You may be transitioning the project originally built in-house to an outsourced workforce. If your team has been working on it long enough, the code may have turned into a mess — often referred to as technical debt.
Material like that will petrify anyone who attempts to take it over. This will slow the development down and create the risk of mucking things up further. To avoid that, reduce technical debt before passing the ball to a third party.
Assign Responsibilities for Your Side of the Project
Collaboration between businesses boils down to specific people talking to each other. Both you and your developer need to know who these people in your organization are, when to contact them and how to do so.
Determine Who Will Take Care of the Product Post Development
Product life cycle doesn’t end with the release. You will need to support and regularly update the software — either yourself, with your developer or using someone else. No matter what you choose, make the decision in advance to factor its specifics in the development process.
Specify Your Project Budget
Decide how much money you can or want to spend on the project. Even if the estimates provided by your developer exceed this figure, you will be able to negotiate a more cost-efficient approach intelligently.
Deadlines will be among the first things Ruby on Rails application development experts will ask you about. They’ll need it in order to come up with a realistic project timeline and cost estimates.
Decide who will test the software pre-release
As an outsourcing Ruby on Rails development company, we have quality assurance specialists using reliable testing tools and techniques. In fact, many others do. But you may have your own QA team or be willing to have your software checked by a third party.
Whatever you see fit, make it clear at this early stage.
Find the Right Ruby on Rails Outsourcing Company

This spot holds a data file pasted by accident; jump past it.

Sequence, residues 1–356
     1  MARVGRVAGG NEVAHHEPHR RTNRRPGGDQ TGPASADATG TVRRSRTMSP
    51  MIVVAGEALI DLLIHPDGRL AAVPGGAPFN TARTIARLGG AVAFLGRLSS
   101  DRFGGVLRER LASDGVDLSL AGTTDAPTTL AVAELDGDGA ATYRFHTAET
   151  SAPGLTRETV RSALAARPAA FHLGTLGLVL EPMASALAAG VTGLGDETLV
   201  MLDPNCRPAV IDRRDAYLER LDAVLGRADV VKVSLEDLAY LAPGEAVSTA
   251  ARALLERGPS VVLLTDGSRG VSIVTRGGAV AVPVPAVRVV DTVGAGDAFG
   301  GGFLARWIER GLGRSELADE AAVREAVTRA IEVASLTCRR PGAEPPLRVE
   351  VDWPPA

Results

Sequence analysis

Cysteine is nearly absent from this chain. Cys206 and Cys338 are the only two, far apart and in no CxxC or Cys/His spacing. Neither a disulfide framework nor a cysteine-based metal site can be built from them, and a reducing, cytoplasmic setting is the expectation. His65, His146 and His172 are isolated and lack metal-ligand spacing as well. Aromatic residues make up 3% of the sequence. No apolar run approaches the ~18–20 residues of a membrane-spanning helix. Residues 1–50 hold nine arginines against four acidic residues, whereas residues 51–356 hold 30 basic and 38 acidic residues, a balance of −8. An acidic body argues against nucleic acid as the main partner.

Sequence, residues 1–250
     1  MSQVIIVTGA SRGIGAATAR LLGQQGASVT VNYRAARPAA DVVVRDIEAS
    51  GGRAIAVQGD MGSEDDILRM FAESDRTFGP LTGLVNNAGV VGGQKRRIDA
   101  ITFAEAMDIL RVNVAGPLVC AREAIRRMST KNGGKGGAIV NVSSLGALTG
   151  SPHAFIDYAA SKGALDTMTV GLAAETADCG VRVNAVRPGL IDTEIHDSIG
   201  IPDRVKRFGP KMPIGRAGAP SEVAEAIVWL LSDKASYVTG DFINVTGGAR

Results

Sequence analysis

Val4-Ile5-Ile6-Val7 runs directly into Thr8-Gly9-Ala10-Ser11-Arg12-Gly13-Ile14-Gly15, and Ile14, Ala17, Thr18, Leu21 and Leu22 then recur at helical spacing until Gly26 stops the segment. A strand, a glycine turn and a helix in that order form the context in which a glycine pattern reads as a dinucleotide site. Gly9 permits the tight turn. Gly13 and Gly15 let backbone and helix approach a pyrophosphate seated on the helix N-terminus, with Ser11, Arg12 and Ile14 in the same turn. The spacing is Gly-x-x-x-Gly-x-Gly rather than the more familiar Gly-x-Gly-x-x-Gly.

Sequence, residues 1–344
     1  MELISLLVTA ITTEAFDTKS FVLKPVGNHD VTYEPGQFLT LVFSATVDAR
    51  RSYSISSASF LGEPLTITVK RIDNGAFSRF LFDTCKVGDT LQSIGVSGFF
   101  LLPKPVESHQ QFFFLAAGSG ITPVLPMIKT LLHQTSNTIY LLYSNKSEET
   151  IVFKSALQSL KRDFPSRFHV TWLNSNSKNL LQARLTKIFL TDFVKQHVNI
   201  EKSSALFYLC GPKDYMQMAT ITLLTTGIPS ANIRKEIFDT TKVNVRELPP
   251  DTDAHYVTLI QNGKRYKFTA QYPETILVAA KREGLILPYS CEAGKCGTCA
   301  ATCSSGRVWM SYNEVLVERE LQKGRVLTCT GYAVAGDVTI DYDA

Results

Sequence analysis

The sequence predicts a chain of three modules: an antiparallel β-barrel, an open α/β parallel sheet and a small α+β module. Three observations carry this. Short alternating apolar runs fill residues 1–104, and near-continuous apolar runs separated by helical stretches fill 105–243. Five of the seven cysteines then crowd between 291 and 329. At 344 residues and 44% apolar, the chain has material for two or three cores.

Once you’ve laid the groundwork for your project, you’re ready to search for a Ruby on Rails outsourcing company. And you might be wondering what makes for a great software development partner and where to look for them. Let’s find that out.
Where to Look
There are many platforms where software developers publish their profiles and businesses post jobs. We recommend taking a close look at two such platforms, Clutch and Upwork, and using general search.
Comprehensive developer profiles, verified testimonials, hourly rates and acceptable project budgets — all that is the type of content you’ll find on Clutch. An independent business catalog, it features hundreds of vendors, including Ruby on Rails outsourcing companies.
Start by applying correct filters (e.g. Ruby on Rails technology). Then go over search results, paying special attention to what those companies’ clients are saying about working with them.
Always double-check the profile information by visiting the companies’ websites. For instance, when searching for a Ruby on Rails outsourcing company in the USA, you’ll come across several who are, in fact, headquartered somewhere else.
Upwork mostly features individual programmer profiles. But you can also find representatives of Ruby on Rails companies there. In fact, this is the best thing to do if you lack expertise to evaluate candidates yourself. A representative will pick the developers that match your project specifics and ensure commitment.
This option is for you if you choose to trust your gut rather than relying on independent platforms. Just do your due diligence into every Ruby on Rails development company that catches your eye.
Who to Look For
You will come across a range of vendors. But how do you choose a software development company that is right for your project? Here are a few things to consider.
Time in the market
A company that’s been in the business long enough will have a reputation to maintain and a tried-and-true development workflow. They’re unlikely to disappear without notice or create an unmanageable mess.
Look for detailed reviews and decent ratings across different independent platforms. A reputable company will have many references. We, for one, are proud to have been on the global top Ruby on Rails companies by review rating on Clutch for the past few years.
Your best candidate will have several projects in their portfolio, including products that are similar to yours.
First of all, consider their industry focus. If your industry is highly regulated (e.g. healthcare or finance), you will want to work with a developer who knows how to stick to those regulations.
Second, look at the size and type of their previous clients. If you’re a startup, you’ll prefer to work with a development team that can easily adapt to changing requirements. On the other hand, if you’re a corporation, you’ll need a partner who can strictly follow established business processes and requirements.